Time for change: How to use the crisis to make fashion sourcing more agile and sustainable

| Report

The fashion industry’s sourcing operations have been hit hard by COVID-19. Businesses are scrambling to ensure their survival while also facing humanitarian challenges for both their own employees and those of their suppliers and partners.

Our large-scale survey, conducted between April 14 and April 22, 2020, draws on the perspectives of 116 sourcing executives predominantly in North America and Western Europe; among them, they manage more than $120 billion in sourcing value. We also included insights from more than 230 other Sourcing Journal subscribers, who are stakeholders across the value chain, including suppliers, agents, and academics.

Sourcing executives indicate that the crisis has already led to steep cuts in sourcing volumes. The impact will hit hardest in the second quarter of 2020, when two-thirds of fashion-sourcing executives expect a cut in volumes of at least 20 percent (Exhibit 1).

Supply disruptions and the drop in demand lead to steep cuts of sourcing volumes.

In our recent McKinsey Global Fashion Index review, we estimate that revenues for the apparel and footwear sectors will contract by 27 to 30 percent in 2020 year on year with even deeper declines in some subsectors and geographies following five years of positive growth.1It’s time to rewire the fashion system: State of Fashion coronavirus update, April 2020. This is in contrast to our pre-COVID-19 growth forecast of 3 to 4 percent. Retailers and brands are facing lost sales owing to store closures and shifts in consumer sentiment, and many will experience inventory misalignment, with excess spring and summer product requiring additional discounting.

Fashion’s interconnected global value chain has been severely disrupted, with suppliers moving into distress and millions of workers in some of the poorest countries facing loss of income. Fashion retailers and brands need to act with responsibility in this time of crisis while also ensuring the survival of their businesses.

Sourcing executives have four key priorities in their immediate response to the crisis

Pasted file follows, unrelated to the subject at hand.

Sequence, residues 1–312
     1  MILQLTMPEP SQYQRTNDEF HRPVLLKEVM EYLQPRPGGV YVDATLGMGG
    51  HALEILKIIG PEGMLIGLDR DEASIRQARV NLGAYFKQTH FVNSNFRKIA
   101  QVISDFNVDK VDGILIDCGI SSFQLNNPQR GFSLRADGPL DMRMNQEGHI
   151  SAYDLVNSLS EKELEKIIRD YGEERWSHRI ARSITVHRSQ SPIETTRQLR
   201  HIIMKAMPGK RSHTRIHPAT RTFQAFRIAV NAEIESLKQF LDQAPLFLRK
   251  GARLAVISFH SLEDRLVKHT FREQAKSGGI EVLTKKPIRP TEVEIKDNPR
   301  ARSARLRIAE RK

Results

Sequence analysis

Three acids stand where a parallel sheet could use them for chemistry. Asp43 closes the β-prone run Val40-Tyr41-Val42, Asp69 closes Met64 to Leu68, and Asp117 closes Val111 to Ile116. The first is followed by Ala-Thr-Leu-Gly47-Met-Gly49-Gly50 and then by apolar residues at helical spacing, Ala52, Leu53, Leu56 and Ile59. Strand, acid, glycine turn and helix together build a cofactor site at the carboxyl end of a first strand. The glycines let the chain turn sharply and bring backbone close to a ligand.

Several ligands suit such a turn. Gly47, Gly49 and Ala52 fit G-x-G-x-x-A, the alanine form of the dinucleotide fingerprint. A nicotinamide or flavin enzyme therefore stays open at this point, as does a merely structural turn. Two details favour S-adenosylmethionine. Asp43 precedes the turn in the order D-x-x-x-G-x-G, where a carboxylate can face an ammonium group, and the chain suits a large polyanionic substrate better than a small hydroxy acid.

Our survey finds that sourcing executives are focusing on four key areas.

Securing inventory and managing the ramp-down and ramp-up of supply chains. Sourcing executives are negotiating a delicate balancing act to minimize inventory buildup, ensure newness in assortment, and secure future supply—all while being mindful of the financial and humanitarian impact of these actions in the countries of production.

Most sourcing executives are adopting a mixed approach to managing existing orders, including reducing the number of orders, reducing quantities per order, and canceling finished-goods orders. Suppliers, meanwhile, face difficulties in fulfilling orders because of shutdowns, shortages of raw materials, lack of labor, cash-flow issues, and difficulties in reaching shipping ports. More than half of the sourcing executives reported that their suppliers are only partly able to deliver orders in the second quarter of 2020 while seven percent indicated that suppliers cannot fulfill orders now.

Optimizing cash flow along the supply chain and ensuring the optimal trade-off between cash position, profit impact, and supplier stability. Sourcing executives have indicated a variety of responses when it comes to making payments. Only a fifth are paying for more than 75 percent of their orders as agreed. More than half are taking responsibility for raw-material liabilities and others are renegotiating terms or deferring payment on more than half of their orders. Some brands and retailers have committed to paying production workers’ wages, with 13 percent doing so for more than half of their orders.

Proactively managing financial risk across the entire supply chain, with an approach tailored to suppliers. Cancellations and order reductions are putting suppliers into financial distress. Most fashion-sourcing executives report that at least 25 percent of their suppliers are facing financial distress now and anticipate that more than half will be in this position in six months’ time, putting millions of jobs and livelihoods at risk.

Many well-known fashion brands and retailers are taking steps to manage the financial risk of their critical supplier base proactively, though 22 percent of sourcing executives report that they are not taking any support measures. Some sourcing executives are providing prepayment for orders, a larger share are taking responsibility for payment of raw material and fabrics, while the majority are focusing on collaborative cost-reduction efforts.